Cuba Will be Forced to Make Internal Economic Reforms for Growth
By Eva Lloréns Vélez and Philipe Schoene Roura
The possibility that Puerto Rico may forge commercial ties with Cuba is uncertain after U.S. President-elect Donald Trump threatened to revert President Barack Obama’s efforts to normalize diplomatic relations with the communist island if the Cuban government refuses to make better reforms.
Trump made his remarks via Twitter just days after longtime Cuban leader Fidel Castro died on Nov. 25 at the age of 90. His death was received with tears in Cuba but with joy by Cuban exiles.
“If Cuba is unwilling to make a better deal for the Cuban people, the Cuban-American people and the U.S. as a whole, I will terminate [the] deal,” Trump said on a Twitter post.
What would it take for Trump to push for U.S. Congress to lift the embargo? Trump has said he wants to see specific reforms—such as greater religious freedoms, commercial openness—and a greater flow of the U.S. dollar.
A high-level source within the GOP, however, said Trump would wait for the approval of top leaders of Cuban descent.
“For the president-elect to do the full-blown ‘let’s lift the embargo,’ he would have to get some pretty clear signals from Ileana Ross Lichtenen and Mario Díaz Balart; probably from Sen. [Bob] Menéndez, Sen. [Marco] Rubio and Sen. [Ted] Cruz that they are happy—whatever that means, with whatever changes have happened in Cuba. Temper that with the fact that the president has a lot of friends and advisers who have been pushing for opening Cuba, probably quietly, not overtly,” the source said.
There are some “very rich folks in Miami of Cuban heritage or Cubans themselves” who have been living in Miami a long time who have been very active in opening trade with Miami, the source said. These include Mike Fernández, a billionaire, who was a Jeb [Bush] supporter and then became a Hillary [Clinton] supporter when Trump was the nominee.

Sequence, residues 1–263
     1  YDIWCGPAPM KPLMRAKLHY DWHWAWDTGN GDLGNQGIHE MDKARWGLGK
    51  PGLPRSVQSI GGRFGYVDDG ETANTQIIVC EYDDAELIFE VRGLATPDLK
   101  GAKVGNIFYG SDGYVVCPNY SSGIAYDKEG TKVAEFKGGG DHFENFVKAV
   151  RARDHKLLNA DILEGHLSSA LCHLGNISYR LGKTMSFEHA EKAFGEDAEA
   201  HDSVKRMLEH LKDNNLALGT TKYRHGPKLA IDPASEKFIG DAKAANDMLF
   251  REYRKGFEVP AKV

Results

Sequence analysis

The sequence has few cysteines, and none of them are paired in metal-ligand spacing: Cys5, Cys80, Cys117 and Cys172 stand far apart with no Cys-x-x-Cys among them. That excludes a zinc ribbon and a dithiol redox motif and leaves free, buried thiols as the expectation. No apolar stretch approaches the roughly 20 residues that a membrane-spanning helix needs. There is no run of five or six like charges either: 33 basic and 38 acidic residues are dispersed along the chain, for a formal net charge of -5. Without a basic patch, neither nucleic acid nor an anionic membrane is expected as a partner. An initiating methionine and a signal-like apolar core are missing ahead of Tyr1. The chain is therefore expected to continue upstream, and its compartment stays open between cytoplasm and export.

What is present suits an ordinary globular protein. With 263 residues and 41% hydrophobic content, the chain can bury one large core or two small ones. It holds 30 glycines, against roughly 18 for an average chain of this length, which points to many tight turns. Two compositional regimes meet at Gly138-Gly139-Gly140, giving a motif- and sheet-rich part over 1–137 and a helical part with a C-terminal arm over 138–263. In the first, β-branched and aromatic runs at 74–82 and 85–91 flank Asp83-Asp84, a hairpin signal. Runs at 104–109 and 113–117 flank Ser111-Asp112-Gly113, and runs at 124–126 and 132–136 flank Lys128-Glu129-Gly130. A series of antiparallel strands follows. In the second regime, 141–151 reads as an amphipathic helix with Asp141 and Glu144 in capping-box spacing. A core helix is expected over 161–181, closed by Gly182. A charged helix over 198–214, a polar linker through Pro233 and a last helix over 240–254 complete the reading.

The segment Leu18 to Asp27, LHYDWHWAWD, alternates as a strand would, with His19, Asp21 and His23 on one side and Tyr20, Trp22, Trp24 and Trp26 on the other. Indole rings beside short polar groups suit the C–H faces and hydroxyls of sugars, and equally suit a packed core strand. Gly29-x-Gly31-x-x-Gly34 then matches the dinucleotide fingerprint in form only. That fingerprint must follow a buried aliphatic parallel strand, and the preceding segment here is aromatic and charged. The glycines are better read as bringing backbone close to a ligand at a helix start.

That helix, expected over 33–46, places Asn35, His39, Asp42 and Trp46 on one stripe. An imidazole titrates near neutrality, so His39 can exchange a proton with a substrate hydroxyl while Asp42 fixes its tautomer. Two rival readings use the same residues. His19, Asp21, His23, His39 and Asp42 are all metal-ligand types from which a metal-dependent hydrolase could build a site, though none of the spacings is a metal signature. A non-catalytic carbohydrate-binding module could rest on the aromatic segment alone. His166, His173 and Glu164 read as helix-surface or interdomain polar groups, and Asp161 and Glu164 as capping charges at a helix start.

“He has been putting a lot of money into attempting to do everything he can to do business in Cuba under the embargo. So, I think there is some momentum. But I think that the president himself would have to see what the signals are from the elected officials of Cuban heritage, who have been the most vocal opponents to opening trade with Cuba,” the source said.
P.R. business with Cuba?
Chamber of Commerce President David Rodríguez said there was already uncertainty about the future of relations with Cuba when he was in Washington, D.C. before Thanksgiving to meet with members of Congress. Chamber members are planning to go to Cuba in May to explore business opportunities that can benefit Puerto Rico.
He noted that there are Puerto Rican businesses eager to make deals with the goal of operating in Cuba. Already several Puerto Rican businesses, such as Danosa and Rimco, which deal with powerplants, and Puerto Rico Water Management were exploring making investments there.
“We have to see if they will revert all of the restrictions because there were already imports of rum and tobacco in place,” he said.
In December 2014, Obama announced that the United States and Cuba were going to start negotiations aimed at re-establishing diplomatic ties and ending the five-decade trade embargo against that island nation.